(c) to set up methodology and requirements for undertaking scientific analysis of every accident, for ensuring that similar causes do not recur which can lead to accidents, thereby minimizing the possibilities of accidents;

(d) to establish suitable organizations for providing education to all types of users of roads, through experts as well as use of suitably devised visual and audio media;

(e) to ensure the availability of ambulances for immediate removal of injured persons to hospitals;

(f) to set up Committees of Experts in each State/UT and in the bigger cities for dealing with these various requirements for minimization of accidents on the roads;

(ii) to direct Respondent No.1 to formulate a suitable Road Traffic Safety Act to meet effectively the various requirements for minimization of road accidents; and (iii) to pass such other and further orders as may be deemed necessary to deal effectively with the various matters relating to traffic Safety on the roads and minimization of road accidents, on the facts and in the circumstances of the case.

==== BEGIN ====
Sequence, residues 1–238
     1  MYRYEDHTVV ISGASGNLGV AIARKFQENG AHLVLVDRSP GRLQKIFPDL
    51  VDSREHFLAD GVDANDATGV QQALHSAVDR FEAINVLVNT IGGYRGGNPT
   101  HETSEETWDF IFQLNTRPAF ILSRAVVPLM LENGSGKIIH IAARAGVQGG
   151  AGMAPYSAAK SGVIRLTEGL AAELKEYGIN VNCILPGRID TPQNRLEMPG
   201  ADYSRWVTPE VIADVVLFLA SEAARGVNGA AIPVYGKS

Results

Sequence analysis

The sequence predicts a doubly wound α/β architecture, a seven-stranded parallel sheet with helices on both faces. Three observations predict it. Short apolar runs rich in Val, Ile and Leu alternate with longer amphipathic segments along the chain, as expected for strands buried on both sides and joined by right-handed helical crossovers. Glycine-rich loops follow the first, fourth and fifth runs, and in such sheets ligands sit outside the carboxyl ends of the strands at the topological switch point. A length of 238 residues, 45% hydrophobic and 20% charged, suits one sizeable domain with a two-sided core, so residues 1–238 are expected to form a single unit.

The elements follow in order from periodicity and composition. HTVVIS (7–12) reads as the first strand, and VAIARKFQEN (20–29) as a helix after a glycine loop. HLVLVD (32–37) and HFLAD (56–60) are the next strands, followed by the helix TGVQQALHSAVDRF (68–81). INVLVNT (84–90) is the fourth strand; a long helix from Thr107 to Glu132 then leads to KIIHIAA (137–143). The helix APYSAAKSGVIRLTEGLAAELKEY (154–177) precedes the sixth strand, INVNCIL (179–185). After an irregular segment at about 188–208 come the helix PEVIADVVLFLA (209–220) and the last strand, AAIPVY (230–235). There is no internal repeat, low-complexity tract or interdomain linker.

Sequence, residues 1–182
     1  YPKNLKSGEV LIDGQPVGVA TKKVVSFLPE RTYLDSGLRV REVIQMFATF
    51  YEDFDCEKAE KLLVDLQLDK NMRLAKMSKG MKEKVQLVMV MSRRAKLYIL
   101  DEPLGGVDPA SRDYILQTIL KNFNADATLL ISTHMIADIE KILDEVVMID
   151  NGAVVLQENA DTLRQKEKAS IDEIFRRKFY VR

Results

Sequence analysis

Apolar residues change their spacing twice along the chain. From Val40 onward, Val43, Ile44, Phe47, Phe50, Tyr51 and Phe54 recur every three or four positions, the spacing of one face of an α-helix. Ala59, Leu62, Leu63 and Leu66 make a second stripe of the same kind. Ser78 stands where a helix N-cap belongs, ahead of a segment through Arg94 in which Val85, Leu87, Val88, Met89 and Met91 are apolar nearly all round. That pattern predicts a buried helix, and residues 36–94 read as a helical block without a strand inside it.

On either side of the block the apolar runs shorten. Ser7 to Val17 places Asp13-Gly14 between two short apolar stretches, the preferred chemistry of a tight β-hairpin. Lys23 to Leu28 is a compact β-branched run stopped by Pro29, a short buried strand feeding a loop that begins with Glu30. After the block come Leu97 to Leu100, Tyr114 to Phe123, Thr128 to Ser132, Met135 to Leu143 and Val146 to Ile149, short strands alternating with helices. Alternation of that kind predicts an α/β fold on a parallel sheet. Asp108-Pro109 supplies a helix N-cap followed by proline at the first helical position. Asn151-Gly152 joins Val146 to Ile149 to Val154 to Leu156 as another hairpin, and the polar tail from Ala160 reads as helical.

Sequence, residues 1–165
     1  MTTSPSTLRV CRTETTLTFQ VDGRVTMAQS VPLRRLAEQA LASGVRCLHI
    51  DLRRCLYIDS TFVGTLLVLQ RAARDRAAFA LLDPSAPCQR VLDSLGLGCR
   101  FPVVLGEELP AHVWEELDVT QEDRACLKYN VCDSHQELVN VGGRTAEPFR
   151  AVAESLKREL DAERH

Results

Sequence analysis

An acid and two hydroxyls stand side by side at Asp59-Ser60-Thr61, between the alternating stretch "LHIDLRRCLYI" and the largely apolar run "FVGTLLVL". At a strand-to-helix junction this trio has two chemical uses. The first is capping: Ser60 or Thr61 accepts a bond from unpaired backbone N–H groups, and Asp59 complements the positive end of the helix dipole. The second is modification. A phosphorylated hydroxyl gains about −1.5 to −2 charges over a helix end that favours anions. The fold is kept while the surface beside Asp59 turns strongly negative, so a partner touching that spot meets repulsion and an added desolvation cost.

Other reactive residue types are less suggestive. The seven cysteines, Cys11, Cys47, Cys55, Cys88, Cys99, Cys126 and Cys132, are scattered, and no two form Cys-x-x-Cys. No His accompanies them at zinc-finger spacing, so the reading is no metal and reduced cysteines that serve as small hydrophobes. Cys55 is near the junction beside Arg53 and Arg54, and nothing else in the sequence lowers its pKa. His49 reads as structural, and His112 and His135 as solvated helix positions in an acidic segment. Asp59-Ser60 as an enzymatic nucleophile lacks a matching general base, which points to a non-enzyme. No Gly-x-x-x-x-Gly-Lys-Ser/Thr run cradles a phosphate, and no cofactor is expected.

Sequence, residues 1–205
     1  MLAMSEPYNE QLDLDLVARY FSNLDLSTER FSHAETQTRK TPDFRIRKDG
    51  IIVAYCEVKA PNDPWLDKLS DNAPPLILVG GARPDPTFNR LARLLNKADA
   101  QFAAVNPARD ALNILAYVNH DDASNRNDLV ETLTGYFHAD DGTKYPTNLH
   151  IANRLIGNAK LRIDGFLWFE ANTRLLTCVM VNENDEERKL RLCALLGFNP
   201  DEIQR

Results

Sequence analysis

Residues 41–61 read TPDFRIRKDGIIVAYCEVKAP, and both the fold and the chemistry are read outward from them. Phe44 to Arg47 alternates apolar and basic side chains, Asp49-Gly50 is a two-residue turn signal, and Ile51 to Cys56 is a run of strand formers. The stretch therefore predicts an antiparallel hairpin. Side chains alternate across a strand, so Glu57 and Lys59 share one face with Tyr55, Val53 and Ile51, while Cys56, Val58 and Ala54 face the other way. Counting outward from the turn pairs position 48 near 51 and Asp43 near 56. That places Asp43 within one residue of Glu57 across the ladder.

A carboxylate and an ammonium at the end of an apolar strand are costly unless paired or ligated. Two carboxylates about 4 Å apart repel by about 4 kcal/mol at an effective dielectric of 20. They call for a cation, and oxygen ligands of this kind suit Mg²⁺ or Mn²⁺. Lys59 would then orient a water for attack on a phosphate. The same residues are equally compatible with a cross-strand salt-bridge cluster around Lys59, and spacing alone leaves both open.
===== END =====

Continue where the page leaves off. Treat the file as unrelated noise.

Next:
3. I had the privilege of going through the erudite judgment prepared by my learned Brother Justice Katju and I respectfully agree with the conclusion reached by my brother Katju that the Writ Petition be dismissed. While coming to this conclusion Brother Katju was of the opinion that the Motor Vehicles Act is a comprehensive enactment on the subject. He was further of the opinion that if there is lacuna or defect in the Act it is for the legislature to correct it by a suitable amendment and not by the Court. I am also of the view that the relief sought for in this Writ Petition is adequately taken care of by the Motor Vehicles Act itself and if there is any lacuna or defect, it is the legislature to correct it by amending the Act and not the Court.